The TT Tsui collection of Chinese ceramics
Pair of funerary urns
late 11th – early 12th century
stoneware, underglaze painted decoration
This pair of funerary urns demonstrates the complex links that existed between the mythological and the classical. The form of the vase is very traditional. Graceful and well proportioned the ovoid body tapers in to a narrow shoulder, the neck rises and extends gently outwards and the lid is carefully rounded.
The body and lid of each vase are decorated with luted bands which have been attached freehand while the clay was still moist. The shoulder of each vase is decorated with hand moulded relief figures which appear quite crudely executed. Such non-realistic modelling may reflect a lost skill as potters rarely made human forms for funerary sculpture after the Tang dynasty.
The imagery draws on Daoist symbolism. The bird on top of each vase is probably the phoenix, representing good luck and happiness. Each vase has a central figure – a tiger (yin) and a dragon (yang). As a pair, the tiger and dragon represent the yin and yang of the Daoist cosmos. A Daoist legend tells of an old woman called Feng Po who controls the winds and rides her tiger through the clouds. This may be the intention of the cloud-like forms and the figure riding on the tiger's back.
The other vase is dominated by the image of a dragon. Dragons can be powerfully protective and wreck havoc on the enemy. The standing figure may be one of the Immortals, perhaps Li Tieguai who carried a gourd of medicines which could revive the dead.
The figures are also open to other interpretations, reflecting the complex nature of Chinese philosophy. The birds may represent the Red Bird of the south, the dragon is a symbol of the east, the tiger is also a symbol for the west and the north is represented by a turtle or snake, the latter would help explain the strange curled creature on the tiger vase.
It is also possible that the fluting around the vase represents water and the central scenes are set on an island. In this case the vases could symbolise the mythical home of the Immortals, the island of Penglai which is said to be vase-shaped.
Three Kingdoms (220–280) – Six Dynasties (220–589)
stoneware, early celadon glaze
This unusual green glaze jar belongs to a particular type of funerary vessel which was made during the Three Kingdoms and Western Jin dynasties. Called a hun'ping (spirit jar), it has a conventionally shaped body topped by a configuration of architectural elements and animals. In this example, birds dominate the scene as they swarm up the neck of the container.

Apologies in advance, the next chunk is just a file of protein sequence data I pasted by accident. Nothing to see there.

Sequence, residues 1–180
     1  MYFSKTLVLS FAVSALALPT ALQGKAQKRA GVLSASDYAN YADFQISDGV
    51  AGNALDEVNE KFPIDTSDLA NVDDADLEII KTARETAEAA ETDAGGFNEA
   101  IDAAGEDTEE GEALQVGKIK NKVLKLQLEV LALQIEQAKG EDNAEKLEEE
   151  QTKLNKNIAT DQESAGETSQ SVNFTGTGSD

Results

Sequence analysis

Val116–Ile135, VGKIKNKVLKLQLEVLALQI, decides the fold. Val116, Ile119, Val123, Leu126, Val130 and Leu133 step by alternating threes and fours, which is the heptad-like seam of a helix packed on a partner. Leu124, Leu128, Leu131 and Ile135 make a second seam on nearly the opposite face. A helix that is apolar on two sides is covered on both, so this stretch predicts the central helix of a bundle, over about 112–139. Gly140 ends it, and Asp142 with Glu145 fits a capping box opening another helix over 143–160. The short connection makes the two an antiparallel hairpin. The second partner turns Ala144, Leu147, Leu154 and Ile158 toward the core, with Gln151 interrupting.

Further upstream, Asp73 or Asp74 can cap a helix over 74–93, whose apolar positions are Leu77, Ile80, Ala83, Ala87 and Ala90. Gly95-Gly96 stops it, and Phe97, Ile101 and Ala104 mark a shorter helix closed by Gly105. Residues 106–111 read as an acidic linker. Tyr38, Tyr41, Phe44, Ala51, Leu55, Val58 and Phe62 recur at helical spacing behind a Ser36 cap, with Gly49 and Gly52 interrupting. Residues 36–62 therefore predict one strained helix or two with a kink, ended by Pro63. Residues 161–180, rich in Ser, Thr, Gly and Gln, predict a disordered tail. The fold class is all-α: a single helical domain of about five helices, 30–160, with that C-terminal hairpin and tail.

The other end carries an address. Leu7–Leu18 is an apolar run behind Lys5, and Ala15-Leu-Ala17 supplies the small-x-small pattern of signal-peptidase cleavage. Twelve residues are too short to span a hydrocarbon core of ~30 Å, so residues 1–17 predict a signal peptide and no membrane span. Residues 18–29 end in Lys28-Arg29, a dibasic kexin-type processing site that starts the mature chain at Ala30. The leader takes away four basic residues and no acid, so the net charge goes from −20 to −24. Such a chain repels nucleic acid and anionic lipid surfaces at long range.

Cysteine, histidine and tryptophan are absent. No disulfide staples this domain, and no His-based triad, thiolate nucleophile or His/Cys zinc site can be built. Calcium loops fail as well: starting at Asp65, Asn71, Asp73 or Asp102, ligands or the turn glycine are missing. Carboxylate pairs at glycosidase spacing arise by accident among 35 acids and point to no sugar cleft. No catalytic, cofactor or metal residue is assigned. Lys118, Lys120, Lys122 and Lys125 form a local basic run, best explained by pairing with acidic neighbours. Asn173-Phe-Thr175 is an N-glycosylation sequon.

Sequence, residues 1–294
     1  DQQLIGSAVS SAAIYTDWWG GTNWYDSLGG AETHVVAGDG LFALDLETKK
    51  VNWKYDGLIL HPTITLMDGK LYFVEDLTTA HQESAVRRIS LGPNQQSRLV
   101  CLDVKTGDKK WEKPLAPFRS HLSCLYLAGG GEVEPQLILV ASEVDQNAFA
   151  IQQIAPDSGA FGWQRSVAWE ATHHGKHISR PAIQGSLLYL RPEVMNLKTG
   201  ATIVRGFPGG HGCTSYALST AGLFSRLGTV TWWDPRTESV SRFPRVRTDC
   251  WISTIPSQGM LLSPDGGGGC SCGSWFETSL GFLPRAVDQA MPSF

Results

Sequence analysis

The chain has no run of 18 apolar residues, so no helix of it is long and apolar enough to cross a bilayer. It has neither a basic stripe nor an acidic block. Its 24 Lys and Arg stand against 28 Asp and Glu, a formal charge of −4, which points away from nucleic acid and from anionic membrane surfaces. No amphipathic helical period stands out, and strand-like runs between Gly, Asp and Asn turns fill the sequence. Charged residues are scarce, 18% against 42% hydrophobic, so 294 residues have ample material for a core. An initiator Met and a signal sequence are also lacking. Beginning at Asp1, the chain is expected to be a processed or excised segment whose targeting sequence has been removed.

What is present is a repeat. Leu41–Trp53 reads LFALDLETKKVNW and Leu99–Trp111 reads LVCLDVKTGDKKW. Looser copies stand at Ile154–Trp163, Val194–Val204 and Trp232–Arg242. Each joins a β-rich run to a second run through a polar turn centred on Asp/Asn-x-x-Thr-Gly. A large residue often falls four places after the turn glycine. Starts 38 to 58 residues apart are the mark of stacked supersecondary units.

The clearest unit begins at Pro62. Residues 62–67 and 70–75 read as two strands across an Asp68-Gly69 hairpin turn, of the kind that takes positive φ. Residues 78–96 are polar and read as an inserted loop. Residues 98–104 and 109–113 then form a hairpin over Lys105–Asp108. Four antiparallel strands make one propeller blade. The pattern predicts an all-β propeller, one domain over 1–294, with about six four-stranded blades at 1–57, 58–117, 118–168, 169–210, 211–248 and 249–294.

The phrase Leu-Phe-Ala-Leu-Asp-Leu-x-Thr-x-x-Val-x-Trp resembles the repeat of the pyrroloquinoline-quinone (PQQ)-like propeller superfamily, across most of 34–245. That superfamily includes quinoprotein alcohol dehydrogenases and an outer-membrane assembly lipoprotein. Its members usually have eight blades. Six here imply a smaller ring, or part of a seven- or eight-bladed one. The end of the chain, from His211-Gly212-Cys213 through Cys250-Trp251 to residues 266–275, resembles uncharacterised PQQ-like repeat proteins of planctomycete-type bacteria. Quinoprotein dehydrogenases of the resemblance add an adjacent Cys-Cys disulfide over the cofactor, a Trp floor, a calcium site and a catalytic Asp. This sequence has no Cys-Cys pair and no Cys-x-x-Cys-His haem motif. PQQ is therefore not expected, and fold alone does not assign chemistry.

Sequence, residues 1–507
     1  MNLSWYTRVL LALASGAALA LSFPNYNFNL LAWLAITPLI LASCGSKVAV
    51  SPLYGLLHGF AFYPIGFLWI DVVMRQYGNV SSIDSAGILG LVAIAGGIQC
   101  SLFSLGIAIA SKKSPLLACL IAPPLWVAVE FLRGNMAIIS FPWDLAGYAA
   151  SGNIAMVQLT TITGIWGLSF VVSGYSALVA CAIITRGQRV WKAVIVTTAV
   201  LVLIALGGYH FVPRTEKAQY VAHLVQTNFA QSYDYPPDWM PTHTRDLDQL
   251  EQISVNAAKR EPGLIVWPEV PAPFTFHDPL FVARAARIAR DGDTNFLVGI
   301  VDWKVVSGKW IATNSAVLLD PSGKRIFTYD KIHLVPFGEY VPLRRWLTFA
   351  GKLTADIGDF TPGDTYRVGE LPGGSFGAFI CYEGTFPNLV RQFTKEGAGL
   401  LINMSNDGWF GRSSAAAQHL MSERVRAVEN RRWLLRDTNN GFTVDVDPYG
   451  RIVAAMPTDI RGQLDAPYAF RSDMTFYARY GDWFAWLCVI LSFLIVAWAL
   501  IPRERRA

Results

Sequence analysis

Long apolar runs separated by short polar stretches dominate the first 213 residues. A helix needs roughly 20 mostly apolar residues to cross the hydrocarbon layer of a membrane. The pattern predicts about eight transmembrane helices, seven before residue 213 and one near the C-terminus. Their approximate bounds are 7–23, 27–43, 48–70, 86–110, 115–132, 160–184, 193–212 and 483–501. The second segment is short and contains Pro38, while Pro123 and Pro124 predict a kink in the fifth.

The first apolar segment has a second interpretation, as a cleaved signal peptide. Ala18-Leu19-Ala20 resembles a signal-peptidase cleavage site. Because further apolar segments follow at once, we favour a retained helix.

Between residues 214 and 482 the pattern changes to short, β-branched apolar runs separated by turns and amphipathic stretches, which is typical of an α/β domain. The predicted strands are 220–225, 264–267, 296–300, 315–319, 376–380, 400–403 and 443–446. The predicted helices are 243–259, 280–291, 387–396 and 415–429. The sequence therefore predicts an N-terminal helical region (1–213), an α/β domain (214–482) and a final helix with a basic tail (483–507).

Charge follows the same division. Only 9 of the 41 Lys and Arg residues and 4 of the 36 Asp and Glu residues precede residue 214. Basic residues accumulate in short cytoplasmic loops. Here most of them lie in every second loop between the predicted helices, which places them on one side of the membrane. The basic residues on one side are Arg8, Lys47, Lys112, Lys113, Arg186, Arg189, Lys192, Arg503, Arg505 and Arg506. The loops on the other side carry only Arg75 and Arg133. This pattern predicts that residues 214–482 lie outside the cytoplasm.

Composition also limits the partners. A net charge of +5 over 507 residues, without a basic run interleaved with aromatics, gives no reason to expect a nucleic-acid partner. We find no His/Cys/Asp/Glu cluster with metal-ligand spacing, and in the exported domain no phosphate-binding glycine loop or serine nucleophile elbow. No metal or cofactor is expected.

The pots around the neck are also a common feature and are thought to represent grain stores. The archway may be a shrine, providing the ancestral spirit with a place to worship. The figures of domestic animals and people, probably worshippers, are references to the deceased's life.
The band of horsemen around the body of the jar may represent travelling to the afterlife while the purpose of the odd fish-like creatures which are poised to enter the vessel is unclear. They are called spirit jars as they act as a shrine for the ancestor who will hopefully look favourably on his living relatives ensuring they have sons to continue the family line, healthy and reproductive livestock and bountiful harvests.
When compared with funerary vessels of the Han Dynasty, this piece demonstrates a significant refinement in technique. It is elegantly formed and carefully constructed. The green glaze is also a development of the period as potters came to understand more fully the effects of oxiding or reducing atmospheres in the kiln.
The celadon type glaze, produced in a reducing atmosphere, is quite even and being on a grey pottery form, the colour is light. Many techniques were used in its construction. The body of the container is shaped on a wheel, pressed forms have been applied around the widest part of the body, the figures have been pressed onto the form while some of the birds have been attached using tenons which can be seen if looking down into the container.